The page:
Director Francis Ford Coppola was insistent that he didn't want to use any kind of elaborate special effects or computer trickery when making the movie. He initially hired a standard visual effects team, but they told him that the things he wanted to achieve were impossible without using modern digital technology. Coppola disagreed and fired them, replacing them with his 29 year old son Roman Coppola, who set about achieving some of the effects by using old-school cinematic trickery. A thorough exploration of these effects can be found on the 2007 Special Edition DVD in the In Camera: The Naïve Visual Effects of 'Bram Stoker's Dracula' (2007) (V) featurette and in the 'Heart of Darkness' article from Cinefax magazine (also found on the DVD), but some of the most interesting examples include: - When sitting in the train on his way to Transylvania, Jonathan Harker is looking at a map which appears superimposed on his face. This was a live effect achieved simply by projecting the image of the map onto actor Keanu Reeves' face on set. - In the same scene, outside the window, Dracula's eyes mysteriously appear in the sky, watching Harker as he travels. This was achieved by combining three separate shots. First, the shot of Gary Oldman's eyes was done with him wearing special makeup so that only his eyes would be visible when the image was projected onto the sky backdrop. The next shot involved the projection of the eyes onto the backdrop of the Carpathian Mountain set, making it appear as if two eyes are appearing in the sky. Then, a shot was taken of Keanu Reeves sitting in the train with the combined background/eye shot rear-projected through the window. - Another shot in this sequence involves a close up of Harker's journal with the train appearing to travel along the top of the book, blowing smoke across the pages. This was a forced perspective shot using a huge book and a tiny miniature train model. - After arriving in Translyvania, Harker is met by Dracula's carriage and the driver seems to magically reach out and lift Harker into the carriage. This shot was achieved by having the rider sitting on a camera crane which reached out and brought him towards Keanu Reeves. At the same time, the camera was moved to the right, so it appeared as if the rider's hand wasn't actually stretching, but was simply defying physics. For the lift, Reeves himself was also standing on a fake floor, which was in fact a movable rostrum which raised him up into the carriage. - As the carriage approaches the castle, there is a shot of the castle in the background as the carriage speeds along a narrow driveway. This was achieved by painting the image of the castle onto a piece of glass, and then positioning the glass in front of the camera whilst the scene of the carriage was shot on the sound stage. - The scene when Harker is shaving and Dracula approaches him from behind without a reflection in the mirror was shot by a classic technique as old as cinema itself. The actor with his back to the camera is actually Keanu Reeves double, not Reeves himself, and the 'mirror' is simply a hole in the wall, with the real Keanu Reeves standing on the other side in a portion of the set - hence when the hand touches the shoulder of the double there is no reflection to be seen because there is literally no mirror. - When Harker is exploring the castle, there is a shot of some rats walking on the ceiling upside-down whilst Keanu Reeves descends a staircase right-way-up. This was achieved by using a double exposure. First, the shot of the rats was done with the camera upside-down. Then the film was rewound and a matte box was placed in front of the lens so as to ensure only the correct portion of the image would be exposed. The camera was then turned right way up and the scene of Harker going down the stairs was shot. Due to the matte box, it appears as if the beam with the rats is above Reeves, and because it was shot upside-down, the rats appear to be defying gravity. - The first scenes in London after Dracula's arrival were shot with a real Pathé camera that was being hand cranked. It was also shot on a special Kodak stock to enhance the grain. There were no post-production effects added for this scene. - The scene when Dracula seems to magically catch Mina's bottle was shot by simply having two men and two bottles. On set Winona Ryder drops the bottle and Gary Oldman scoops down and catches it. The camera then pans up to reveal he is already holding it out to Mina seemingly without having raised his hand. In reality, the hand holding the bottle out is a double standing just behind Oldman, wearing identical gloves, and holding a completely different bottle. - For the scenes involving Dracula's POV, Francis Ford Coppola wanted to achieve something unusual, and it was ultimately decided to try to create something of staccato effect. These shots were created using an old piece of equipment rarely used today called an intervalometer. When shooting at 24fps, an intervalometer trims the end of certain frames, and prevents the exposure of certain frames here and there, creating the 'jumpy' effect seen in the scene. Again, this was all accomplished in-camera, no post-production effects were added to the scenes.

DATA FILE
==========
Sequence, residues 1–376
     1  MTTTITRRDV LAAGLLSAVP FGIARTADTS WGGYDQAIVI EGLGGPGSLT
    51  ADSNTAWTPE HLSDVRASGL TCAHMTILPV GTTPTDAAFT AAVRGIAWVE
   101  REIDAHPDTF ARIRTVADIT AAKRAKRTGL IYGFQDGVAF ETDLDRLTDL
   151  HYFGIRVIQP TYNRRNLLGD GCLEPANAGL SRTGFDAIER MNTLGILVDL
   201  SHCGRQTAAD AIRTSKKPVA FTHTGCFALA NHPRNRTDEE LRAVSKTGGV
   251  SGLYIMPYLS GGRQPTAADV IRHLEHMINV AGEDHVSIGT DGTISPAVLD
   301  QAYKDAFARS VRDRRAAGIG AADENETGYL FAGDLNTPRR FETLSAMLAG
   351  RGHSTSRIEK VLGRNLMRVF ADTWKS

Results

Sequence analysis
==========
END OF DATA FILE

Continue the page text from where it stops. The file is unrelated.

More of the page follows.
During preproduction of the movie, director Francis Ford Coppola came up with the idea that when in the presence of a being such as a vampire, the laws of physics don't work correctly. This is why shadows often seem to act independently of the figure casting them, why rats can run along a ceiling upside-down and why liquid drips up instead of down.
Costume designer Eiko Ishioka (who won an Oscar for the movie) had never seen a Dracula movie prior to being hired for this film. She was initially hired as the art director, but when Francis Ford Coppola saw some of her costume sketches, he immediately asked her to work as the costume designer.
It was Winona Ryder who brought the idea of redoing Bram Stoker's novel to Francis Ford Coppola's attention. She had been given a pile of scripts by her agent, one of which was titled "Dracula: The Untold Story". This was the first time Ryder had ever read anything to do with Dracula, let alone see a film about him. Coppola was interested as he saw it as a bridge-building exercise between him and Ryder after she had inexplicably dropped out of The Godfather: Part III (1990).
» User Comments at imdb.com
» More information at imdb.com
Dracula, Vampire, Seduction, Mist, Shape Shifter ...[more]
Rating: 8.3 out of 10.0 - 59 votes cast total